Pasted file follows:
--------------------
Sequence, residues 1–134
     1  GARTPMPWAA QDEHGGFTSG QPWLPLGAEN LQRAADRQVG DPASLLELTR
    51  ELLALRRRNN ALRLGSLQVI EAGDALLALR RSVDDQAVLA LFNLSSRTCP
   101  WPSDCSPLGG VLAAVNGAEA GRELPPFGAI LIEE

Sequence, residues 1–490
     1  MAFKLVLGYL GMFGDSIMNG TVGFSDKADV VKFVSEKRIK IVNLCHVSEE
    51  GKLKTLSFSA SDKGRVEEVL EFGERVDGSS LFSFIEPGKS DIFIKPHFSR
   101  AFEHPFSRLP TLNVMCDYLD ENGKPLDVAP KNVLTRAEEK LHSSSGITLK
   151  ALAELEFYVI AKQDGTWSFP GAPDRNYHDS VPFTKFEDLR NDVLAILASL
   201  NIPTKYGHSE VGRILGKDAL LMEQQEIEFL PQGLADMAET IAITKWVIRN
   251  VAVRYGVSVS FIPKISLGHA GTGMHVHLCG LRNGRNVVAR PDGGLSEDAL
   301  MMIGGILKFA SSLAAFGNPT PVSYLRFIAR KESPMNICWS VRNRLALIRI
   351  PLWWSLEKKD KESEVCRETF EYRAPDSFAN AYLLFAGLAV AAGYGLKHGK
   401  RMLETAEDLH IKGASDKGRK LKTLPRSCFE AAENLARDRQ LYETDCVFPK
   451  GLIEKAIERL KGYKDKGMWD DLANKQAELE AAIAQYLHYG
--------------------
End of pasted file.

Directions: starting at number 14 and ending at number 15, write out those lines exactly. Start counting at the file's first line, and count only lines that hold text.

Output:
   401  RMLETAEDLH IKGASDKGRK LKTLPRSCFE AAENLARDRQ LYETDCVFPK
   451  GLIEKAIERL KGYKDKGMWD DLANKQAELE AAIAQYLHYG